A few pencil strokes shiver their way across the sketchbook and then I apply the watercolour washes, starting with the blaze of light that is burning away at the edge of the vertical crag. This is chiefly quinacridone gold, blending into some less violent Naples yellow, then pushing outwards, away from the point of maximum brightness with a mixture of cobalt blue and cadmium red. In the hunters' hut this is luxury sketching for a change, especially when Jens puts a mug of steaming tea into my hand.

   Later on I sketch Isak tending to his sledge-dogs in his usual kindly manner, and so in the finished painting here you can see how I have brought the two separate sketches together to form a narrative. The secret of making sunlight 'burn' into a feature is to keep the critical edges soft and push the light area into the feature as though it has burnt a hole in the side. In the foreground I have covered the wet blue washes with cling-film and moved it about until I am satisfied, then left it to dry. It is a remarkably effective way of suggesting ice and sastrugi ridges. Beneath the sunburst I included some of the warm gold to suggest the reflections of the colour in the ice. The painting was carried out on Saunders Waterford 300lb not paper.

   This is one of a great many paintings in my new book, David Bellamy's Arctic Light, which has just been published by Search Press. It is crammed with paintings, sketches and anecdotes, and contains one chapter describing some of the methods used to sketch and paint, often in almost impossible conditions.  Subjects vary from glaciers, sea ice, mountains, wild seas, waterfalls, people and many wildlife works are included, from polar bears, walrus, musk ox, Arctic foxes to birds. More details can be seen on my website.

Monday, 1 May 2017

Painting the moving composition

    Have you ever painted outside when the landscape seems to be moving, jumping about or constantly changing in some way? These can be exciting, opportunistic times for the alfresco artist, but often fraught with problems. Most of the movement, apart from animals, figures or vehicles, is usually down to strong winds, which can make painting or sketching outdoors even more difficult than in light rain.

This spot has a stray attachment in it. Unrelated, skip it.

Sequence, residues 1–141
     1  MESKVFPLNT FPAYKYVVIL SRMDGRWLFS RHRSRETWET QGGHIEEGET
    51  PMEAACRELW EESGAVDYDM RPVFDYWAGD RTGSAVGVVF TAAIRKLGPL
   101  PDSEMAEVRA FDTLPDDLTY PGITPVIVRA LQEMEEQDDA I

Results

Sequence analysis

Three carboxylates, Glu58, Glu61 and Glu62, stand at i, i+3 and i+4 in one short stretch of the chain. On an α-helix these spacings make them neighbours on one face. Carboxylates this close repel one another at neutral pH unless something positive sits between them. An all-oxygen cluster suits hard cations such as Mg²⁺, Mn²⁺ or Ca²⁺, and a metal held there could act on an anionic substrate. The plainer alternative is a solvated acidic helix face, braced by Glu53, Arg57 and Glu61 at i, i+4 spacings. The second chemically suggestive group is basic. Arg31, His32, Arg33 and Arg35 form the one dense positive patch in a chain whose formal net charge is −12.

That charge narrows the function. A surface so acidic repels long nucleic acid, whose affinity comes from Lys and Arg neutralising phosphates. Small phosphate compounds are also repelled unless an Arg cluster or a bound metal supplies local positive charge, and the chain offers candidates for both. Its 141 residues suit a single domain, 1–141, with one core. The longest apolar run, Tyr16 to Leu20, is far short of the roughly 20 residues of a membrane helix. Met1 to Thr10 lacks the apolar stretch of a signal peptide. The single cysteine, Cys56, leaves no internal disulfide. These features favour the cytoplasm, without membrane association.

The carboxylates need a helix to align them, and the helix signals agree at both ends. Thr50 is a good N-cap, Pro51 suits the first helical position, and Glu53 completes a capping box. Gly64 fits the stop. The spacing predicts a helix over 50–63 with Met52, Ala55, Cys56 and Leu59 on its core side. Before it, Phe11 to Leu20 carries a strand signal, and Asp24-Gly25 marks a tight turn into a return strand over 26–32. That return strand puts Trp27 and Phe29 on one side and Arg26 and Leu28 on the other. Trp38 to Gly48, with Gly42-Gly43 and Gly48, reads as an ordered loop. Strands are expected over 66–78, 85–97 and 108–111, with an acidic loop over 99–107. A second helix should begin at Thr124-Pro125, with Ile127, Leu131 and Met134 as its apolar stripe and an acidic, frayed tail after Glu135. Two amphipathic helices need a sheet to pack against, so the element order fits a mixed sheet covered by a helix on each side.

The scene is a watercolour sketch of Trevone Bay in Cornwall, carried out on a hard-back book of cartridge paper, over a two-page spread. Strong winds were blowing the clouds along at a truly fast rate, so the sky was constantly changing and the cloud shadows over sea and headlands moved astonishingly quickly. Additionally waves crashed in with such force that it threw up great white splashes all the time.

    To render the sky I simply wet the whole area and waited for the excess water to run off before applying cobalt blue, working round the clouds and the wet paper automatically resulting in soft edges. In the wind and sun this did not take long to dry, so then I laid in the lighter colours over the headland, including some red on the central promontory. I had already decided this would be my focal point, and I would keep it light with the further headland dark. I could easily have decided to do it the other way round. Whatever you do, don't try to keep changing these main tonal areas as the scene itself changes, otherwise it will lead to a mess!

    Once that had dried I painted in the green top of the closer headland and used cobalt and pthalo blues in the sea, leaving the white surf and splashes as white paper. I could have positioned the main splash a little closer to the central headland to further support the focal point, but when I'm desperate for a cappuccino I sometimes blob these features in where convenient and leave the refinements for the finished painting. Most importantly, don't feel that because a feature appears in a certain position, that you have to put it exactly there. Finally the dark headland and foreground rocks were painted.

    This was done as a sketching demonstration for a course last week. My new book, David Bellamy's Arctic Light will be published shortly by Search Press, and it's quite different from any of my previous books - more on that shortly.

    Before I go I'd like to highlight a very useful report on watercolour paints that has just been published by www.wonderstreet.co.uk  It covers a great many ranges of watercolours, including some I had never heard of, and I recommend you take a look at it on  http://wonderstreet.com/blog/which-brand-of-watercolour-should-you-choose   While I can't comment on those paints I have not used, it does seem pretty accurate on those I do know. Enjoy your painting!

Thursday, 20 April 2017

Obsessed with bottoms

    As landscape painters why are so many of us obsessed with bottoms? Why do we feel the compulsion to describe everything in minute detail? It's not necessary and in fact detracts from the overall effect in a painting.